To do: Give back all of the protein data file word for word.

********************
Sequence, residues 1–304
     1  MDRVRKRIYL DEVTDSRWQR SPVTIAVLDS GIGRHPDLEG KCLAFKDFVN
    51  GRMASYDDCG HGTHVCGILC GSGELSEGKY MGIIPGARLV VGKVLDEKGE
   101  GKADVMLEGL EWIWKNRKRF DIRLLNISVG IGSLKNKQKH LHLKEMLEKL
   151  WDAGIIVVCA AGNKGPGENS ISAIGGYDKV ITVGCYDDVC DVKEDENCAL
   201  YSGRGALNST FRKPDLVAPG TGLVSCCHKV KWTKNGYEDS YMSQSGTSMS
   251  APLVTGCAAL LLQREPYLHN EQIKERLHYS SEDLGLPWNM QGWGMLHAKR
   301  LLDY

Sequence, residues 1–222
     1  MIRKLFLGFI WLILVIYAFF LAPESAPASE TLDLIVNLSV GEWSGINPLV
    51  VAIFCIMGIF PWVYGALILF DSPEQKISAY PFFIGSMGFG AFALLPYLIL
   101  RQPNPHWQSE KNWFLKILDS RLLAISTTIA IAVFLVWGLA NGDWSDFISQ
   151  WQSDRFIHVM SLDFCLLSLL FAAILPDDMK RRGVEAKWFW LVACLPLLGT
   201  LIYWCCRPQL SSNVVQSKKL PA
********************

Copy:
Sequence, residues 1–304
     1  MDRVRKRIYL DEVTDSRWQR SPVTIAVLDS GIGRHPDLEG KCLAFKDFVN
    51  GRMASYDDCG HGTHVCGILC GSGELSEGKY MGIIPGARLV VGKVLDEKGE
   101  GKADVMLEGL EWIWKNRKRF DIRLLNISVG IGSLKNKQKH LHLKEMLEKL
   151  WDAGIIVVCA AGNKGPGENS ISAIGGYDKV ITVGCYDDVC DVKEDENCAL
   201  YSGRGALNST FRKPDLVAPG TGLVSCCHKV KWTKNGYEDS YMSQSGTSMS
   251  APLVTGCAAL LLQREPYLHN EQIKERLHYS SEDLGLPWNM QGWGMLHAKR
   301  LLDY

Sequence, residues 1–222
     1  MIRKLFLGFI WLILVIYAFF LAPESAPASE TLDLIVNLSV GEWSGINPLV
    51  VAIFCIMGIF PWVYGALILF DSPEQKISAY PFFIGSMGFG AFALLPYLIL
   101  RQPNPHWQSE KNWFLKILDS RLLAISTTIA IAVFLVWGLA NGDWSDFISQ
   151  WQSDRFIHVM SLDFCLLSLL FAAILPDDMK RRGVEAKWFW LVACLPLLGT
   201  LIYWCCRPQL SSNVVQSKKL PA